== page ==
Welcome to the Sunday Devotional. “Let the message of Christ dwell among you richly as you teach and admonish one another with all wisdom through psalms, hymns, and songs from the Spirit, singing to God with gratitude in your hearts.” Colossians 3:16 (NIV) I’ve been singing a lot the last two weeks. I’ve been visiting my grandchildren and revisiting all the songs we sang together when they lived close by. One of my grandsons requested “Swing Low, Sweet Chariot”, a song I sang to my children and one that my daughter now sings to hers. In recognition of Black History month, I delved into the history of this Negro Spiritual and wish to share what I found with you.
Many of the words of Negro Spirituals have covert meaning. "Swing low, sweet chariot" refers to Ripley, a "station" of the Underground Railroad, where fugitive slaves were welcome. Because Ripley sits at the top of a hill by the Ohio River, which is not easy to cross, fugitives had to wait for help to take them to the top of the hill. The words of this spiritual, "I looked over Jordan and what did I see/ Coming for to carry me home/ A band of angels coming after me" referred to this part of their travel.” https://www.youtube.com/watch?v=iCWtysB-uB4
While I am familiar with other Negro Spirituals, I was surprised to find that “There is a Balm in Gilead” is one as well. We sing this song quite often during a communion service. In the Old Testament, the balm of Gilead is taken most directly from Jeremiah chapter 8:22: "Is there no balm in Gilead? Is there no physician there? Why then is there no healing for the wounds of my [God's] people?" In this spiritual, the balm is spiritual medicine to deal with the sins of God's people. We also have the message that there is a promise of healing, hope, and liberation in Jesus. https://www.youtube.com/watch?v=mO17UImQcto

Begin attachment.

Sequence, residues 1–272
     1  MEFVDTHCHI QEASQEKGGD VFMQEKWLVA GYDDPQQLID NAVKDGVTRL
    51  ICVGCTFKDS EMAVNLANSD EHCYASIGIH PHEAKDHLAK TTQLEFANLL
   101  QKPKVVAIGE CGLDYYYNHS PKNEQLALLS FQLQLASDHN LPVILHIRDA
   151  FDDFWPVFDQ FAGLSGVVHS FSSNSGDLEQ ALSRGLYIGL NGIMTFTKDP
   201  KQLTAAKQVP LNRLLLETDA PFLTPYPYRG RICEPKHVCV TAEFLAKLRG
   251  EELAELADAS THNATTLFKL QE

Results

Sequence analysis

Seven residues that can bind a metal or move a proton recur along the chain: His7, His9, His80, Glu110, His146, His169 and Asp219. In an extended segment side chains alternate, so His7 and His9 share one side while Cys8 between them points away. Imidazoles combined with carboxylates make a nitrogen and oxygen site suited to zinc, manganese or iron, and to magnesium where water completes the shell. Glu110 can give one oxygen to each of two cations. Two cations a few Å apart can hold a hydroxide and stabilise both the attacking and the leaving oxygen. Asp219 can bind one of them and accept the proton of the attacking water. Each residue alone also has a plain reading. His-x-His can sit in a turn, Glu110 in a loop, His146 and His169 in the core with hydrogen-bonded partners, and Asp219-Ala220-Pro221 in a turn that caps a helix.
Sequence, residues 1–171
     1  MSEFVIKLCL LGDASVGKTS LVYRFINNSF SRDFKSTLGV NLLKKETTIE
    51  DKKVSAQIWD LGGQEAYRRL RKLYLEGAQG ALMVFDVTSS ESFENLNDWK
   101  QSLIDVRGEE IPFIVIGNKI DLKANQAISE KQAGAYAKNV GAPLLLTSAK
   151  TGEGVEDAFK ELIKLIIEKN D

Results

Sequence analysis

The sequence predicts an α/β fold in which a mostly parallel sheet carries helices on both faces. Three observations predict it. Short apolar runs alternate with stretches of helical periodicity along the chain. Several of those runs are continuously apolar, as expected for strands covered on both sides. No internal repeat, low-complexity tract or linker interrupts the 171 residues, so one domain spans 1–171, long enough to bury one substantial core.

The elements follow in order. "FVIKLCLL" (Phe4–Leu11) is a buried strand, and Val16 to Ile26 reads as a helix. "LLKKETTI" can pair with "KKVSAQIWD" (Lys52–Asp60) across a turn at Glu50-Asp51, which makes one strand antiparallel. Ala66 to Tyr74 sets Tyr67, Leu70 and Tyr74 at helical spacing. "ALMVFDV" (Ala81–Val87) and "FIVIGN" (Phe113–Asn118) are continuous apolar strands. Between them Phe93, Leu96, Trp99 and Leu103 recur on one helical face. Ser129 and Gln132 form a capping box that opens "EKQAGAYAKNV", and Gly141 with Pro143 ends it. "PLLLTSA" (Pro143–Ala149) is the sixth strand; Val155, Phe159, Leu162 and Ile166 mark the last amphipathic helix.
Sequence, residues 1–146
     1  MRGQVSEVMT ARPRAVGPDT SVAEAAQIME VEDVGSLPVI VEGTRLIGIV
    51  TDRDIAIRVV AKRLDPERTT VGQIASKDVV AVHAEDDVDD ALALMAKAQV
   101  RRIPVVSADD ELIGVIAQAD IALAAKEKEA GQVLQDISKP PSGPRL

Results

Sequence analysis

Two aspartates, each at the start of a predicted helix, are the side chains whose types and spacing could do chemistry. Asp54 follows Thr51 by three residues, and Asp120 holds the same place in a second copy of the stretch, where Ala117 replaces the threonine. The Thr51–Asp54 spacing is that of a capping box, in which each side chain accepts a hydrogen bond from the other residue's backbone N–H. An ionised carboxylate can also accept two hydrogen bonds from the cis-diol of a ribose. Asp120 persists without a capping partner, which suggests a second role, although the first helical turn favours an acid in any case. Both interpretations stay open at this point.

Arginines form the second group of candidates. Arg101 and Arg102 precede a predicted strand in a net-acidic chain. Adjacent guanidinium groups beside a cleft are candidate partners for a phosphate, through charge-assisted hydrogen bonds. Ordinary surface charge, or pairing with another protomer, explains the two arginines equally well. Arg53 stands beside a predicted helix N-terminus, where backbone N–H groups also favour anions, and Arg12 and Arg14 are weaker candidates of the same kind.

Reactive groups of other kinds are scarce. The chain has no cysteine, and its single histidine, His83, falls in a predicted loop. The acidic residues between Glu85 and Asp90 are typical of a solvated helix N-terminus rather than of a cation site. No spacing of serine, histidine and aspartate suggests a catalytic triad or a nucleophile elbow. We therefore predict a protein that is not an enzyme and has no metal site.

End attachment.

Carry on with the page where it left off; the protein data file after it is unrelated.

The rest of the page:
Another well-known Negro Spiritual is “Let Us Break Bread Together on Our Knees”. https://www.youtube.com/watch?v=DO69zb_0CJk The humble image of being on our knees takes me there every time we sing it. “When I fall on my knees, with my face to the rising sun, O Lord, have mercy on me.”
We have such rich, beautiful Negro spirituals that have spoken to us through time. May we always be aware of how they came to be, and what they meant to those who first sang them.
Dear God, thank you for the many songs that have come from people’s hearts. May we remember with each word and each tune, that the message of Christ is one to be shared. In Jesus’ name, we pray, Amen.
Author: Bonnie Barber
Various authors throughout the Chesapeake Bay Mission Center and beyond provide these thought-provoking weekly devotions.